US 3429308 A
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Description (OCR text may contain errors)
Feb. 25, 1969 H. s SELL 3,429,308
RUS METHOD R ADMINISTER DRUGS FROM A VE LE ADHERING BY SU ON TO THE PA UCCAL CAVITY MUC MEMBRANE Filed Jan. 51. 1968 GELATINOUS Fig. 2.
HIGHAM STANLEY RUSSELL BY wad ATTORNEY.
States 1&090/64 US. Cl. 128-1 2 Claims Int. Cl. A61b 19/00; A613 3/07; A61k 9/00 ABSTRACT OF THE DISCLOSURE A method of administering a drug through any species of buccal or sublingual lozenge or pastille or medicated troche, via a suction feature so as to cause the drugcarrying vehicle to adhere, by the suction effect, to the gum of the upper jaw vertically above the canine or incisor teeth.
CROSS REFERENCES TO RELATED APPLICATIONS A continuation-in-part of application, Ser. No. 451,491, filed Apr. 28, 1965, now abandoned.
BACKGROUND OF THE INVENTION Field of the invention Various drugs, for example hormonal preparations, are destroyed or at least inactivated, when administered by way of the digestive tract. Such drugs may even have unwanted side effects on the stomach. Accordingly, such drugs are usually injected into the body, a procedure which is less than convenient in many circumstances, not to mention that it involves certain well known risks. Furthermore, with some drugs, the rate absorption through the alimentary canal is so small that massive overdoses have to be administered orally so as to ensure that a sufficiency of the drug is absorbed in order to achieve a satisfactory result. And in other instances, the drug must be administered gradually and progressively and usually only until a desired effect is obtained, a procedure which is difiicult to attain with the means currently available.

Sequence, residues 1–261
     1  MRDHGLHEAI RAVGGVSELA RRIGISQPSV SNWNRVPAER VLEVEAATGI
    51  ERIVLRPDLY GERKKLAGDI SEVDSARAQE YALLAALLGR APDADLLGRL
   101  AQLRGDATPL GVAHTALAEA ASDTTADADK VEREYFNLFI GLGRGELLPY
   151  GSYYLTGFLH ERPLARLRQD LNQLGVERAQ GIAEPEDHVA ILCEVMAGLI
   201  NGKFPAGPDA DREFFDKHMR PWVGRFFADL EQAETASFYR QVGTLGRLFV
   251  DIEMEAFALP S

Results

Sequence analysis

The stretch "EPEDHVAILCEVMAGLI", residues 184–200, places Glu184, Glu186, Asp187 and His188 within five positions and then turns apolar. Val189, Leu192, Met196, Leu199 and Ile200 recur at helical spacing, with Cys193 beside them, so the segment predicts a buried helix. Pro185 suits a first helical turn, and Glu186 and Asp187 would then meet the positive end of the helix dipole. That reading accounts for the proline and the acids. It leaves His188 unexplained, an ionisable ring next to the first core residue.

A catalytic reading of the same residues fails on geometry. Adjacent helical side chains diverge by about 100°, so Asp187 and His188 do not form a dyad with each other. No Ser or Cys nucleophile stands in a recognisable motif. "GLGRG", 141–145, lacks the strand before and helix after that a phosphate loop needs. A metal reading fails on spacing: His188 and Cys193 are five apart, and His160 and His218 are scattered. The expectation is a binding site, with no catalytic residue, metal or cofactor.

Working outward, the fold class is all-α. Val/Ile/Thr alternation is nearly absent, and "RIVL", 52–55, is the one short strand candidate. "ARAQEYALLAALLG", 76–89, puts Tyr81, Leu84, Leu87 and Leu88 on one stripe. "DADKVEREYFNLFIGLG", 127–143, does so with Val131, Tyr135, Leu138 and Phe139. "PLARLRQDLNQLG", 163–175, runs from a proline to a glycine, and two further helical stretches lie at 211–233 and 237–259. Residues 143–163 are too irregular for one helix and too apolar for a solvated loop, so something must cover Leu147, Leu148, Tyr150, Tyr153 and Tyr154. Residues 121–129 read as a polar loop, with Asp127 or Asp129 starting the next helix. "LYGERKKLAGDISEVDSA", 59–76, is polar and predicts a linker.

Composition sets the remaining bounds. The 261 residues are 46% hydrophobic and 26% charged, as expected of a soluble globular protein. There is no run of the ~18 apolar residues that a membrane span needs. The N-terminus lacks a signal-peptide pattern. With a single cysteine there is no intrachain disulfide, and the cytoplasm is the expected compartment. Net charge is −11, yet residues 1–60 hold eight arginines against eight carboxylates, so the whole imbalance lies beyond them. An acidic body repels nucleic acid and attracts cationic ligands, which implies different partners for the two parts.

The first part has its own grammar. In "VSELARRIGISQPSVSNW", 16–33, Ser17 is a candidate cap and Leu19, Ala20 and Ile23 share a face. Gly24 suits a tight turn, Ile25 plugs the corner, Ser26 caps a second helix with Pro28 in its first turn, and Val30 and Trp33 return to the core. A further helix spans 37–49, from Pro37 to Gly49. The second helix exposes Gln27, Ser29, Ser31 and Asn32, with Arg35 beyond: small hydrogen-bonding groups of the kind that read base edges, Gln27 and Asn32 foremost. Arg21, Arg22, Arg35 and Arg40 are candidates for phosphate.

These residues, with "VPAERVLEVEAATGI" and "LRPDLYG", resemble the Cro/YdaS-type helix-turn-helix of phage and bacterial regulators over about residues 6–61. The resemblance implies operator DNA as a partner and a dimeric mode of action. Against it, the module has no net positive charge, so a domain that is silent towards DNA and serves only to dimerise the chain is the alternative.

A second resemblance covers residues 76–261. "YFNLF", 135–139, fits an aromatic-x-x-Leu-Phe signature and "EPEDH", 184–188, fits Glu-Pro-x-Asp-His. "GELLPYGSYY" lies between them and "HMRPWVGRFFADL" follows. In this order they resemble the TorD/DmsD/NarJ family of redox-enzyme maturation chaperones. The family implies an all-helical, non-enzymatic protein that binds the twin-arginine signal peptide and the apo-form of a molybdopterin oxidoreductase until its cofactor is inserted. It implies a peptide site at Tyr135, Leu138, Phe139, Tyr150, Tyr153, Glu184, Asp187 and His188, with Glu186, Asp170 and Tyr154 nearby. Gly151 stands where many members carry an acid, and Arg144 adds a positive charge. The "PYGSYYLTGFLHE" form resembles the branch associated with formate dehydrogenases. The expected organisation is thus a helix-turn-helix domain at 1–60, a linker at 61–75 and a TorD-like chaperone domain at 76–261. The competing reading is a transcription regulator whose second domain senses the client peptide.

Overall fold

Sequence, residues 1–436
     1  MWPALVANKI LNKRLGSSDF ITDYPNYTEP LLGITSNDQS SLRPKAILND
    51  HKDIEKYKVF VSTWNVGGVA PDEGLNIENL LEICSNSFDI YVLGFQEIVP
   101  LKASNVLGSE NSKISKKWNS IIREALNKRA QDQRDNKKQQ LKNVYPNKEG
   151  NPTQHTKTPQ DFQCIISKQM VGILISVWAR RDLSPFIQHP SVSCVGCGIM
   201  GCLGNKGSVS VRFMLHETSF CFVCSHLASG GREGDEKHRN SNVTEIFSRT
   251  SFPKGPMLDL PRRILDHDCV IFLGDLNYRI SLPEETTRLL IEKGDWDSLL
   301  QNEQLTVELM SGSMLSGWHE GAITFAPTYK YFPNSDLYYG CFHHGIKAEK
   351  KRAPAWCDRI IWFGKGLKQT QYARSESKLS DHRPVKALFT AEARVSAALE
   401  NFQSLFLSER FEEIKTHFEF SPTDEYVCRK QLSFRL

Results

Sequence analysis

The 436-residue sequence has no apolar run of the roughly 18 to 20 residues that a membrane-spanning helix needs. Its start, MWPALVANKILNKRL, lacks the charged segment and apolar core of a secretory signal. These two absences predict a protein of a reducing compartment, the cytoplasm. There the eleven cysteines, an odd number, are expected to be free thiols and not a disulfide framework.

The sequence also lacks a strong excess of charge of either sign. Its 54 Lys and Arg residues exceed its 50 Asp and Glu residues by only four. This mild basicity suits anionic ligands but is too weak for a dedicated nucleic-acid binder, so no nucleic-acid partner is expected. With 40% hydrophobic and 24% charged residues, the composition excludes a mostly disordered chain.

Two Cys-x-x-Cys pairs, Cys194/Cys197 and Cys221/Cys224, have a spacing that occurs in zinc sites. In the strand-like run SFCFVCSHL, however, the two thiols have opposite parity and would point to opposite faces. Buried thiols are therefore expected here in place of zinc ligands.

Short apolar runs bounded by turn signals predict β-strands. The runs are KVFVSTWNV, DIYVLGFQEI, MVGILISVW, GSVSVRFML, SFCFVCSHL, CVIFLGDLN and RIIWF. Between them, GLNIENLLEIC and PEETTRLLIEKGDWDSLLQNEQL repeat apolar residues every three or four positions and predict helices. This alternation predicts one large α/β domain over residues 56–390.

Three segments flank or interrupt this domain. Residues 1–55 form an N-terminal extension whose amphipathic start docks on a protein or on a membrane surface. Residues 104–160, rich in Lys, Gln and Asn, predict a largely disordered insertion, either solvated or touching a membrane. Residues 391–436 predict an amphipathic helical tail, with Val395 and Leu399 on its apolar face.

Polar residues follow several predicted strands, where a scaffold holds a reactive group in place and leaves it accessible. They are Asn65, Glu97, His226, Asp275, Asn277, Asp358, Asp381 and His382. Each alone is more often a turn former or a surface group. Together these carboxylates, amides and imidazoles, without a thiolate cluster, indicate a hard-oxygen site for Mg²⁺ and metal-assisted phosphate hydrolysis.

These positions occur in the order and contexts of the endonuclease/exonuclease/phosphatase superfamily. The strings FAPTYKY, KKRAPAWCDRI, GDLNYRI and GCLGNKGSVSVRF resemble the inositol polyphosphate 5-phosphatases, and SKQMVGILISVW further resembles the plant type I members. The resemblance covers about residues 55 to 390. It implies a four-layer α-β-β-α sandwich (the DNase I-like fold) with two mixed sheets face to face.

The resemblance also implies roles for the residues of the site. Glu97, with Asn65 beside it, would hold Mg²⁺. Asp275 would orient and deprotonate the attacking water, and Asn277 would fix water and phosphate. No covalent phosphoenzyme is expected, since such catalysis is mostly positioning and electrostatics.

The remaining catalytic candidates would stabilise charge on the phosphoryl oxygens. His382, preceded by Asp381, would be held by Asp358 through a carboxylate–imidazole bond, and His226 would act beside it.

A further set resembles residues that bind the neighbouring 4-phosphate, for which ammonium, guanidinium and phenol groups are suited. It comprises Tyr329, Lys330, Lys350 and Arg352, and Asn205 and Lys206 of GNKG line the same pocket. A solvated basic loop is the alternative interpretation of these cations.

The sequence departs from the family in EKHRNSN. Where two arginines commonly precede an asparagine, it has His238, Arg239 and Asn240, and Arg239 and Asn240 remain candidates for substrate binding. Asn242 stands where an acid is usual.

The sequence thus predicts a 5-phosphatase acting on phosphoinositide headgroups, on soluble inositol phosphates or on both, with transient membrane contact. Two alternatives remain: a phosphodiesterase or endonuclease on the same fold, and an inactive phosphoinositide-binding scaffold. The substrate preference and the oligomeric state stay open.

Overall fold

With this background in mind, the invention operates in the area of a convenient vehicle for administering drugs which avoids these disadvantages and yet has the advantage of permitting substantially instantaneous discontinuance of administration and comprehends a vehicle for administering a drug in the form of a thin body of resilient gelatinous material having a concave depression on at least one of the major surfaces thereof and being of such shape as to enable it to be introduced into the parabuccal cavity for adherence by suction to the mucous membrane thereat by reason of the concave depression, and wherein the material of the body is impregnated with a drug which is effective when absorbed through the mucous membrane, which drug may be of a nature such that, if administered by swallowing, it would be subject to destruction or inactivation by stomach or intestine saliva or fluid, or would cause unwanted side effects, or would require massive overdoses.
atent O Description of the prior art Bird et al., 2,552,027 of May 1951, taken in combination with any of Fritz, D. 54,074 of November 1919, Harris, D. 49,515 of August 1916, Hollywood, D. 53,657 of July 1919, Morton, D. 51,707 of January 1918 or Reid, 3,279,995 of October 1966, each showing that lozenges or tablets or the like shaped to have at least one concave major surface, are admittedly old. Bird et a1. shows that a resiliently flexible gelatinous material, such as glycogelatine, is conventionally employed in forming molded pastilles, lozenges or tablets, so it is expected to employ a conventional medicated lozenge gelatin of Bird et al. in molding any of the conventional concave surface shaped lozenges of Fritz, Harris, Hollywood, Morton, or Reid.